Erika’s story


Linguistics PhD student who was diagnosed with anorexia nervosa at 12 years of age, CALIFORNIA


Linguistics PhD student, Erika, 30, California was diagnosed with anorexia nervosa at 12 years of age.

During childhood, Erika was a cheerful, spontaneous, and self-confident child, who enjoyed school, exercising and spending time with her family and friends.

In the summer of 2001, just after completing elementary school, Erika embarked on a 15-day-long summer camp abroad. Upon arrival, one of her classmates commented on the fatty food served at the camp and its potential to cause weight gain.

Determined not to gain weight while on camp, Erika chose to limit her dinners. However, after returning home to Guadalajara, Mexico, she was unable to resume her normal eating habits.

She began to engage in severe food restriction and compulsive exercising, and was subsequently diagnosed with anorexia nervosa.

Since then, Erika has sought support for her health from a range of healthcare professionals, including psychologists, psychiatrists, internists, dietitians, and endocrinologists. Throughout this period, she has received both residential and outpatient treatment. Her family’s support has been a key element in her recovery.

Given her first-hand experience with an eating disorder, Erika has chosen to participate in the Eating Disorders Genetics Initiative (EDGI) research study – the world’s largest genetic research study of eating disorders ever performed. The study aims to identify the hundreds of genes that influence a person’s risk of developing anorexia nervosa, bulimia nervosa, and binge-eating disorder, to improve treatment, and ultimately, save lives.

This is Erika’s story.

After completing elementary school in 2001, Erika embarked on a 15-day summer camp near London, England. Upon arrival, one of her classmates made a remark about how the calorie-rich food served at the camp would cause them to gain weight.

“I didn’t want to gain weight, so I decided to restrict my dinner for the duration of the camp.

“My plan was to resume my normal eating habits once I returned home to Mexico. However, something had changed in my mind, and I couldn’t eat normally again,” said Erika.

After two months of restrictive eating and compulsive exercising, Erika was diagnosed with anorexia nervosa by her father, an internist. Almost immediately after her diagnosis, she began visiting a child psychologist for professional support. As her illness worsened, she sought treatment from two eating disorder specialists; a psychiatrist and an endocrinologist. She was eventually admitted to a residential treatment program, where she received psychological, psychiatric, nutritional, and medical treatment. Shortly thereafter, she was hospitalized and fed via a nasogastric tube.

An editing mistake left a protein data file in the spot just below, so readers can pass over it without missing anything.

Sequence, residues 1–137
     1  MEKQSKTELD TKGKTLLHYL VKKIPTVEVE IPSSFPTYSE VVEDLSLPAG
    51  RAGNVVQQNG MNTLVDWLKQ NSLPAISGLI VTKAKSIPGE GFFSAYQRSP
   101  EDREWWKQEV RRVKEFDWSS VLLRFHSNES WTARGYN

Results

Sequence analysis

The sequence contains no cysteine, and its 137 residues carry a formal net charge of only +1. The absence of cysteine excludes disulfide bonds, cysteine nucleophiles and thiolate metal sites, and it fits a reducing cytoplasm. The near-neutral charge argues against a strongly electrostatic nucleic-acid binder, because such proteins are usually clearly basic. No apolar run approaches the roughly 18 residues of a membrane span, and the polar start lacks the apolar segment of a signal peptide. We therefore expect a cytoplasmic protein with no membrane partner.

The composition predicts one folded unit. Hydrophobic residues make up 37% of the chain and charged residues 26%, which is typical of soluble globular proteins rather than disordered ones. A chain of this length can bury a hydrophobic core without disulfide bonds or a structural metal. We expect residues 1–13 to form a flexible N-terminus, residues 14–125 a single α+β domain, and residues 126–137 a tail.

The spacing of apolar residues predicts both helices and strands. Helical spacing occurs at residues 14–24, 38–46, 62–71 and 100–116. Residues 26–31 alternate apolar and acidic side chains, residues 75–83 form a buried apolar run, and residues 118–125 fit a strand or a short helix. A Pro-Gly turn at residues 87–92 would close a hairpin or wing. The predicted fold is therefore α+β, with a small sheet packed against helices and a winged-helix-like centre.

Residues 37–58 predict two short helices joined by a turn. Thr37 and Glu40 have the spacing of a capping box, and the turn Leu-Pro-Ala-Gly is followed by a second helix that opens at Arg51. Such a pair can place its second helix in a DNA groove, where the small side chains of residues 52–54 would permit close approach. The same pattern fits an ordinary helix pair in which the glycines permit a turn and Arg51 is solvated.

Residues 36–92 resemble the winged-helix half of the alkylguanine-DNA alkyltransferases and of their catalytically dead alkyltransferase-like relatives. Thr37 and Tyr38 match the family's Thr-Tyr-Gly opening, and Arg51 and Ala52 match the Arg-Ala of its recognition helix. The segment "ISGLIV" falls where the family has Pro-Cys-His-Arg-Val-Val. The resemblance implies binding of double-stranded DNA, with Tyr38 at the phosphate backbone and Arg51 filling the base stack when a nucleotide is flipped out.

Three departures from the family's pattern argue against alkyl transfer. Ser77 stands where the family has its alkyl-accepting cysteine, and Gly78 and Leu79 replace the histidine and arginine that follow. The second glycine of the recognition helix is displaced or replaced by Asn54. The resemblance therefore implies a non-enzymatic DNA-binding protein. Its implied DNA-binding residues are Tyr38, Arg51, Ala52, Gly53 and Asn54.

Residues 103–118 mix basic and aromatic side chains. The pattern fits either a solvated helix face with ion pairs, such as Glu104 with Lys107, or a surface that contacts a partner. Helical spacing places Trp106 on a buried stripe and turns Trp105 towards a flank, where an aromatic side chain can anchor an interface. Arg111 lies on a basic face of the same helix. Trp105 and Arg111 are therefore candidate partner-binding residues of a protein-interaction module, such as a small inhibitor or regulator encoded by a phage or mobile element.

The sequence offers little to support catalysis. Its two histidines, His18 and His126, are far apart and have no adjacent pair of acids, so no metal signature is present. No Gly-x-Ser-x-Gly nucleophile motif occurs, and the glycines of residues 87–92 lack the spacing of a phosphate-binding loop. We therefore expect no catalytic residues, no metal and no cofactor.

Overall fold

Erika’s health and well-being has fluctuated over many years. She has suffered various relapses, two of them of considerable severity. Although she has made significant progress in her recovery, she still struggles with anorexia nervosa.

“When you start to recover, there’s an inner fight in your head with every meal. On the one hand, you know you have to eat to overcome your anorexia nervosa. On the other hand, there’s a voice in your head telling you not to eat or suggesting that you should engage in compensatory behaviors after your meal.”

“In my case, this voice has grown weaker as I’ve made progress with my recovery. However, it has not completely disappeared.”

Anorexia nervosa has affected all aspects of Erika’s life for almost two decades, including her family and social life, and has compromised both her physical and mental health.

“When I developed anorexia nervosa, I became an anxious, apprehensive, obsessive, and highly perfectionistic person, whose whole life was controlled by food, calories, and exercise.”

In her road toward recovery, Erika has received unconditional support from her family and husband, who she married in 2014.

“My family and husband have taught me how to enjoy food again and have given me renewed motivation to continue my recovery from anorexia nervosa,” Erika said.

Today, Erika is excited to be participating in the EDGI research study, which follows the ground-breaking advances made recently through the collaborative Anorexia Nervosa Genetics Initiative (ANGI), in which UNC researchers and their partners identified both psychiatric and metabolic causes for anorexia nervosa.

“ANGI showed that there was a biological reason for my disease, that I had not chosen to develop anorexia nervosa, and that it was not because I lacked sufficient willpower that I hadn’t been able  to mount a complete recovery from my illness.”

“The results of EDGI will hopefully help to remove the many stigma and misconceptions about eating disorders, including that eating disorders are choices, that they are due to vanity, that they are passing phases, and that parents cause eating disorders. More importantly, EDGI may help to improve the treatment for these devastating, life-threatening diseases. These enhanced treatments will save many lives and will improve the quality of life of people who may struggle with an eating disorder in the future,” said Erika.



Mental Health Resources






Study to pinpoint genes influencing risk of developing eating disorders


US researchers seeking 6,000+ participants for world’s largest eating disorders genetics study

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